Why Chrysler matters
Chrysler is only a shadow of its former self, but that doesn't mean its potential closing wouldn't have a large impact on the industry and overall economy.
NEW YORK (CNNMoney.com) -- It's easy to think that Chrysler LLC is no longer too big to fail.
The embattled automaker has already cut its U.S. workforce by more than 60% since the start of the decade, leaving it with just under 39,000 employees in America.
To put that into context, that's only five thousand more people than electronics retailer Circuit City had when it went out of business this year -- and few thought the demise of Circuit City would cripple the economy.
Once a pillar of the Big Three, along with General Motors (GM, Fortune 500) and Ford Motor (F, Fortune 500), Chrysler now trails Toyota Motor (TM) in U.S. sales and is struggling to stay ahead of Honda Motor (HMC).
So the news that the company could be forced out of business in the next 30 days if it can't work out a combination with Italian automaker Fiat strikes some as not that big of a deal.
"This is a company we can do without at least for the next couple of years without missing its production," said Kevin Tynan, auto analyst with Argus Research.
But other industry experts say it would be wrong to underestimate how much disruption a closing of Chrysler would cause to the already struggling auto industry. A shutdown of Chrysler could also have a sizable impact on the broader economy.
A wave of bankruptcies and closures of auto parts suppliers, which employ more people than the automakers themselves, is probably inevitable if Chrysler is forced to go out of business.
That could cause production problems at even the healthiest automakers that depend upon those suppliers. Shutting down Chrysler's 3,300 dealerships would likely lead to additional job losses and economic pain that would spread to every corner of the United States.
"People thought Lehman Brothers going out of business wouldn't have that big an impact on the economy," said independent auto consultant Erich Merkle, referring to the Wall Street firm whose collapse triggered the problems in the credit and financial markets during the past six months. "Chrysler could be the Lehman Brothers of the auto industry."
Chrysler officials have been reluctant to discuss the possibility that the company is less than a month away from shutting down. They have focused instead on the government's offer to loan it $6 billion if it can work out a deal with Fiat, and the potential savings from such a combination. And they have said they are confident a deal can be reached in 30 days.
But what happens without a deal is not clear. President Obama has said that even if Chrysler or GM goes bankrupt, the government is not planning to have the companies liquidate and go out of business.
But the auto task force he set up to decide whether GM and Chrysler deserve more federal assistance have determined Chrysler is not viable as a stand alone automaker.
And many question whether an alliance with Fiat will be enough to save Chrysler. The Italian maker of small cars is hardly an industry giant either; it only sold about 5% more vehicles worldwide than Chrysler in 2008.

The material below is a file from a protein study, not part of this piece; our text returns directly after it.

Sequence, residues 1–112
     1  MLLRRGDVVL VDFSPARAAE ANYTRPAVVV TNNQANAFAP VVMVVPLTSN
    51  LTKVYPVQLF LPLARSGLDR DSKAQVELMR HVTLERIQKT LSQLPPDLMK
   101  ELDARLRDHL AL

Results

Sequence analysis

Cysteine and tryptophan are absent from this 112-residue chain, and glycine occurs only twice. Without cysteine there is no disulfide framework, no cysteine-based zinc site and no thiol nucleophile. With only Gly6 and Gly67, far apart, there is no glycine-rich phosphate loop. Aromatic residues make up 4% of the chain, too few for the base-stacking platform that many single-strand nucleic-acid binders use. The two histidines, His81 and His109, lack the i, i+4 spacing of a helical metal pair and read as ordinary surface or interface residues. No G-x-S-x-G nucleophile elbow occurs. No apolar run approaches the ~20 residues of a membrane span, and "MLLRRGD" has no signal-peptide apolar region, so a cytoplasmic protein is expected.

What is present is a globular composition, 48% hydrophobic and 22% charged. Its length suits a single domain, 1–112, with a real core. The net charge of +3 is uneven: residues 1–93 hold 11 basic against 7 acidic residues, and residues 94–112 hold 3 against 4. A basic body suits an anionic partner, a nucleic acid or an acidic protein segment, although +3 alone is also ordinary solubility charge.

Even those who think the combination will help Chrysler be more competitive down the road believe it will take at least two to three years before that is the case.
"Three years is a lifetime in this industry," said Michael Robinet, vice president of global vehicle forecasts for auto consultant CSM Worldwide.
So Robinet believes the government needs to start planning for the possibility of an orderly shutdown of Chrysler in order to minimize the impact on parts suppliers and other automakers.
He and other experts say the $5 billion in federal help already announced for the auto parts industry won't be enough to stop further bankruptcies and closures.
That's because this money will only be used to back a portion of the $7 billion in payments Chrysler owes to suppliers for work already performed. It also won't cushion suppliers from the loss of business in the future, and it won't cover all suppliers.
Suppliers won't be the only ones hurt if Chrysler goes out of business. According to the turnaround plan Chrysler has filed with the government, a liquidation would leave $20 billion in health care coverage for employees, retirees and its family unpaid, as well put $2 billion in annual pension payments at risk. The closing of its dealerships would cost 140,000 jobs.
Due to the domino effect that would create, Chrysler estimates 2 million to 3 million jobs would be lost nationwide within three years, reducing household income by $150 billion a year, and cutting tax collections by an average of nearly $40 billion a year.
With all that in mind, one expert said the best reason for the government to keep Chrysler alive is that the economy and industry are too weak right now to weather even a controlled shutdown.
"If times were better, the country could absorb it," said Tom Libby, an independent auto industry researcher. "There are so many things on verge of collapsing, do you want to see how far things could go if we lose Chrysler?"